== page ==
Indiana limestone is abundant in the state. Some of the most flawless limestone can be found in a rich trough between Bedford and Bloomington referred to as Salem limestone. The Pentagon, the soaring National Cathedral and the solemn Lincoln Memorial in Washington, D.C., New York City’s Empire State Building, the Biltmore Mansion is Ashville, North Carolina, and 35 of the 50 state capitol buildings were built with Indiana limestone. It is a beautiful, rich cream-colored stone that is fairly easy to work. Generations of talented carvers learned their craft in this state, and it continues to be a place of gifted and creative carvers.
Not only can the stone carvers’ talents be seen in spectacular buildings but even in modest tombstones across the state. Indiana has thousands of tree-stump tombstones that dot cemeteries through the entire state and exported throughout the country. The carvers have also created one-off works of art. One such marker, photographed by my friend and neighbor, Doug Parker, is the tombstone of Charles Jacob Affelder in the Chesterton Cemetery in Chesterton, Indiana, in the Northwest corner of the state.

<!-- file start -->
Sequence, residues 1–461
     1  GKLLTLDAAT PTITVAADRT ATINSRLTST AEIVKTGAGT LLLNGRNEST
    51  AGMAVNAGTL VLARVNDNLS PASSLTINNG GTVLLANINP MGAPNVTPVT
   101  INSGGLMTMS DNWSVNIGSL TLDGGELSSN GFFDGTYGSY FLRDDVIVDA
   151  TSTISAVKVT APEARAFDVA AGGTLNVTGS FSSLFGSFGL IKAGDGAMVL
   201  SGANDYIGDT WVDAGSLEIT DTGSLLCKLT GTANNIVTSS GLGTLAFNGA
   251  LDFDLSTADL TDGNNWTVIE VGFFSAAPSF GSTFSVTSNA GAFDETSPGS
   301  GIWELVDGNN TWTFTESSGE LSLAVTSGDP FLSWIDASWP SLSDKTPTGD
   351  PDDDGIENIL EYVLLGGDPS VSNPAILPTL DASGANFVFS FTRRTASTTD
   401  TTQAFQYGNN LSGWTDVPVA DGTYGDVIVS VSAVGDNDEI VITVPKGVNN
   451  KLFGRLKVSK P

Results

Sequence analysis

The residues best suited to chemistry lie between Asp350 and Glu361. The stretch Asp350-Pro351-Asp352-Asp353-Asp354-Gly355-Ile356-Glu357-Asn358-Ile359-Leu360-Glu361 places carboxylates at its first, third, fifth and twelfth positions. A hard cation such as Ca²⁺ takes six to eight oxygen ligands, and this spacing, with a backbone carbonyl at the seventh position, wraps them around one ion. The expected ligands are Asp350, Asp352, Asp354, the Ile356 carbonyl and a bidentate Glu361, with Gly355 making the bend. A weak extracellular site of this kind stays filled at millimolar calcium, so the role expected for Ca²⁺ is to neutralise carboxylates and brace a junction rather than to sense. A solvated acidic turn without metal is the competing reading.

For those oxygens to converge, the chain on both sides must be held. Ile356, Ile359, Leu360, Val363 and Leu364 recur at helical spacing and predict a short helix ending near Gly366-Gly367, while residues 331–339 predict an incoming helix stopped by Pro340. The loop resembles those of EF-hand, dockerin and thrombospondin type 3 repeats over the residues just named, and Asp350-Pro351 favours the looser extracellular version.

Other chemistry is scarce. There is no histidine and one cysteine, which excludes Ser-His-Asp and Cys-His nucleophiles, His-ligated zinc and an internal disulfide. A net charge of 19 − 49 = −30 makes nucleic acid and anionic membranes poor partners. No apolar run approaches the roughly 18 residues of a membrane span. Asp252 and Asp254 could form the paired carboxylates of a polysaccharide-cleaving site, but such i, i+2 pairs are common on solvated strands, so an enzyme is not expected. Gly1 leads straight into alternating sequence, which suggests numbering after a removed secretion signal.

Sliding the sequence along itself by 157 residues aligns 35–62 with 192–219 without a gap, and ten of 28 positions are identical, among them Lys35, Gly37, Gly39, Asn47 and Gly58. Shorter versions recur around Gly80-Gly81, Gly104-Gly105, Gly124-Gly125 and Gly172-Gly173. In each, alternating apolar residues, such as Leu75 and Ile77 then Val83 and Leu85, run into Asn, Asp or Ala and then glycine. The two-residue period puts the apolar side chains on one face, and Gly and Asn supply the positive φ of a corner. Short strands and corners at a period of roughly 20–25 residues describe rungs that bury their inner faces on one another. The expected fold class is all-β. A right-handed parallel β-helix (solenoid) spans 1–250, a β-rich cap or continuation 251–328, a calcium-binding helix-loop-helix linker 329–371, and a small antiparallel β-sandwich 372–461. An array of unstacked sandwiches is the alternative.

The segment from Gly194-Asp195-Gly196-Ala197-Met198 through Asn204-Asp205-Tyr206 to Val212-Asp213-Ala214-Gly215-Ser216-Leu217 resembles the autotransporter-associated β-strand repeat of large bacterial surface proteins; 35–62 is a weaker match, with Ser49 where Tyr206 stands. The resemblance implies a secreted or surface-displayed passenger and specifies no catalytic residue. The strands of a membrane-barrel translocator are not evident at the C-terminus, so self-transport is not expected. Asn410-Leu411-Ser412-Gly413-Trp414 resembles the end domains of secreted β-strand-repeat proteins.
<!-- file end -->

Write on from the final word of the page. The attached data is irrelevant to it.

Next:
The tombstone has a figure that some people on various Web sites refer to as a Gollum-like creature from Tolkien’s The Hobbit, crouching under a gothic roof. The bare-chested man has his right hand resting on the top of a ham radio and his other hand is clutching a microphone. Carved on the front of the tombstone is, “Charles Jacob Affelder, N3AYU.” The tombstone is a curious sight, in an otherwise average Midwestern cemetery.
Further investigation of the deceased Affelder reveals that he was born August 5, 1915, in Allegheny County, Pennsylvania. He was an avid ham radio enthusiast. The mix of letters and numbers, A3AYU, listed underneath his name was his ham radio callsign. Affelder had been a ham operator since 1933. He held several patents for improvements to the radio microphone, perhaps memorialized in stone on his marker. Affelder also worked for KDKA in Pittsburgh and for the Voice of America behind the scenes as an engineer. Affelder’s tombstone is a tribute to his love of the radio world to which he dedicated so much of his life and career. Charles Jacob Affelder died on January 10, 1994, at Chesterton, Porter County, Indiana.